QHN Improve Staff Communication in Hospitals

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Saleh Ghasemi is the Director QHN Technical Services, which is part of HHC Enterprise Information Technology. Ghasemi and his team of 40 are responsible for all the desktops, the service desk and helpdesk, web-based applications and intranet across 5,500 users in two major hospitals and satellite clinics.

Queens Health Network is a member of HHC and a major healthcare provider in the borough of Queens.



A major part of Ghasemi's role is to provide business continuity in a 24/7 organization and manage all the IT communications between Technical Services, Administration Services, patients and hospital staff.

A better alternative to e-mail for urgent messages

Ghasemi had been frustrated by the available hospital staff communication channels not being fit for purpose for conveying urgent IT notifications. They were mostly using mass broadcast emails and the intranet. Ghasemi explains that,

“Emails became irrelevant to people. After a while they were not even reading them because they all sound the same and look the same.”

In common with many healthcare environments the limitations of email were glaring.

“We couldn’t really communicate with everybody in our organization because we still had a good population of people who did not have email accounts. And if they did have email, they did not have computers to access them in an emergency or even a regular basis.”

Ghasemi always thought there was a better solution — something with “bells and whistles” that will actually pop up on the screen and get the attention of staff. He came across the SnapComms’ hospital communication channels while researching alternatives online.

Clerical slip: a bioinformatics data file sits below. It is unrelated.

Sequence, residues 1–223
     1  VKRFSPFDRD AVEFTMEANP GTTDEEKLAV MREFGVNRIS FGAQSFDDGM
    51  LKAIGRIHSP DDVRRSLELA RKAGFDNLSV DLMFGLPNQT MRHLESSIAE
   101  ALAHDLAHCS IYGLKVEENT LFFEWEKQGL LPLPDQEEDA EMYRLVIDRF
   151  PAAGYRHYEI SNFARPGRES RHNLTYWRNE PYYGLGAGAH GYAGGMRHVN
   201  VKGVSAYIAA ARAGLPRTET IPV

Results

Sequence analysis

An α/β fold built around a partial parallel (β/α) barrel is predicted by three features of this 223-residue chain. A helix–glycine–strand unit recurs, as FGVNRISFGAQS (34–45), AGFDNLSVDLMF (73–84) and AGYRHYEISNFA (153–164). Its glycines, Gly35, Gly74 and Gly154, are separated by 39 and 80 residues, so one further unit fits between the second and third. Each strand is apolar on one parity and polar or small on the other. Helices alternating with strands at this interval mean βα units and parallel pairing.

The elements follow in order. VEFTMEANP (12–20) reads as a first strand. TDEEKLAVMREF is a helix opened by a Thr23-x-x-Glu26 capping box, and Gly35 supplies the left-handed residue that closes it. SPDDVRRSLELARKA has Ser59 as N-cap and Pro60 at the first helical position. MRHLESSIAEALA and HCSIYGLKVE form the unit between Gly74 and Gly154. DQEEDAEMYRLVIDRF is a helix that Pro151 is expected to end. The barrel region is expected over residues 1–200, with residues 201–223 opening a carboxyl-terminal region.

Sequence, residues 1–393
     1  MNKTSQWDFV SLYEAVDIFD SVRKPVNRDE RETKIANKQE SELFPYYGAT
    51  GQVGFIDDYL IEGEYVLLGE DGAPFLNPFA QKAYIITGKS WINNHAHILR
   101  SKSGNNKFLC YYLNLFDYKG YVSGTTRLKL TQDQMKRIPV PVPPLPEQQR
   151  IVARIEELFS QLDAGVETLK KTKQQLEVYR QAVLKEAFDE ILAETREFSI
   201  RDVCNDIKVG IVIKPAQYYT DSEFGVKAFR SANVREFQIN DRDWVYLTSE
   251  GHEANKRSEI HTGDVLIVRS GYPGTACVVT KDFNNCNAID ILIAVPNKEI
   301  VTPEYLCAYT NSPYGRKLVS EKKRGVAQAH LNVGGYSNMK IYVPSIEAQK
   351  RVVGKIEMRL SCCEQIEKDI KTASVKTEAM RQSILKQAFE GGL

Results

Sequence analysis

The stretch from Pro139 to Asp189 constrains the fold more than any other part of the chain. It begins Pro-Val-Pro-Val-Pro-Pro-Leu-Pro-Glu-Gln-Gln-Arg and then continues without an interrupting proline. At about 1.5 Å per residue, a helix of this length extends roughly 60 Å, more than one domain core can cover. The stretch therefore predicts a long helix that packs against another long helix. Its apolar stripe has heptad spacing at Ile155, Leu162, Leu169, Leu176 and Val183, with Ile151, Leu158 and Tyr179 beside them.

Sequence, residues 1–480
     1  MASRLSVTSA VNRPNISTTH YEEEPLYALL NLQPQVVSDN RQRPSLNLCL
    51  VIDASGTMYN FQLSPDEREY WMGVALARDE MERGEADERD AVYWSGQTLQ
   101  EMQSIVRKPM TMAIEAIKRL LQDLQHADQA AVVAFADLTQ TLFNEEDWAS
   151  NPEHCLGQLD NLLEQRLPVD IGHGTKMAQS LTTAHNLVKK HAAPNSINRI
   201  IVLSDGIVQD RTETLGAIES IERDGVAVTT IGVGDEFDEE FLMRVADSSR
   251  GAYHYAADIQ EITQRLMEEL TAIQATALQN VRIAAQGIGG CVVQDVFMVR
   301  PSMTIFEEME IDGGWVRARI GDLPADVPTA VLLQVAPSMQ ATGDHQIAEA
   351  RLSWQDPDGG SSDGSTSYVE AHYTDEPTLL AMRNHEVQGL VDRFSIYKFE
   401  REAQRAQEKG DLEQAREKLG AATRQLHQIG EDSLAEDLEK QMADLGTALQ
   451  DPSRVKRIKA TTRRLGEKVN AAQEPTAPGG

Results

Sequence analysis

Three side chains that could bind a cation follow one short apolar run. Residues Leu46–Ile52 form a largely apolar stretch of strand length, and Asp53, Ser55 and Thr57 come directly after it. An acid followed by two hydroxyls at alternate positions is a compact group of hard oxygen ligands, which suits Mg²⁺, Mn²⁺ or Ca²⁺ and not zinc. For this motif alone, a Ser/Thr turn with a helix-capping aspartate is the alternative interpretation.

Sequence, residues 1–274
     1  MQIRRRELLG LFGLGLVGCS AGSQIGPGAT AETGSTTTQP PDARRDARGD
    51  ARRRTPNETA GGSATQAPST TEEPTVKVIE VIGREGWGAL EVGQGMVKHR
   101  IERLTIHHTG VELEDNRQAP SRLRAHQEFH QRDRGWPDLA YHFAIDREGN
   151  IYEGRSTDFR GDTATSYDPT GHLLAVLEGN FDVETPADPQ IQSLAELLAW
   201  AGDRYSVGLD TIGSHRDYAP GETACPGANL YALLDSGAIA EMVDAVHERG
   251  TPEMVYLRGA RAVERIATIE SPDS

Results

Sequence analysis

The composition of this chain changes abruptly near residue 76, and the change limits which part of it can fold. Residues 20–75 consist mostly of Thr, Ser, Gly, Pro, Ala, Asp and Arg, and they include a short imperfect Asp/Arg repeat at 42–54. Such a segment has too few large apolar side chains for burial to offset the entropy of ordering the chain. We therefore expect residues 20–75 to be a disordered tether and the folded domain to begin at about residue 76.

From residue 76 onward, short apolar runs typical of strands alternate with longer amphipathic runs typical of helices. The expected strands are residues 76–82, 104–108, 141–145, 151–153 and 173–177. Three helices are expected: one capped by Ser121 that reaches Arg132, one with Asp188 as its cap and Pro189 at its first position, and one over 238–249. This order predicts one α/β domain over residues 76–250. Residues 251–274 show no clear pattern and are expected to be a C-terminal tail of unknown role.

In March 2011 the Technical Services team implemented four new staff communication channels — SnapComms Desktop Alert messages, Scrolling Newsfeeds, Staff Quiz and Staff Surveys and Corporate Screensavers — across QHN.

Example of a screensaver message:


Outage Notifications

Communicating planned and unplanned outages - The IT area uses the desktop alert channel as an outage notification tool to communicate both scheduled and unplanned outages and to keep hospital staff updated with any issues around system downtime. Ghasemi says,

“We find it to be very effective because you can focus desktop messages to certain groups… let’s say certain clinical applications and PCs that have that application on it. You can send that desktop message only to those people and specifically tell them what you expect them to do.”

Communicating Hospital Code Status

Outside the IT area - SnapComms is mostly used by the clinical administration departments that need to be able to notify hospital staff in the event of an emergency occurring such as fire, infant abduction or hazardous material spills.

Color-coded templates have been created that administrators can speedily use, just by changing out the description information and reissuing. Individual reports on who has received each fresh notification and within what time scales can still be readily obtained.

Keeping Hospital Staff Updated

Example of a desktop alert message:



News and information updates - Other hospital departments use SnapComms for news and information updates. For example, Ghasemi says that the SnapComms channels were used in preparation for joint commission audits.

“It’s a good tool for letting people know what is going on and be aware of auditing presence in an area.”

Collecting Information and Staff Training

Reaching dispersed hospital staff with training and quizzes - QHN also use the staff survey and staff quiz tool to collect information and for training purposes. For example, resident clinical staff need to be educated on certain procedures and processes. But it’s difficult to get doctors, students and everyone else together at the same time. So presentations and training documentation have been created that embed a quiz at the end, which staff take once they have gone through the material. IT then sends the relevant department a spread sheet of who has taken the quiz, together with trainees’ marks. The department then manages the communication back to staff.

Key Features of SnapComms that Benefit QHN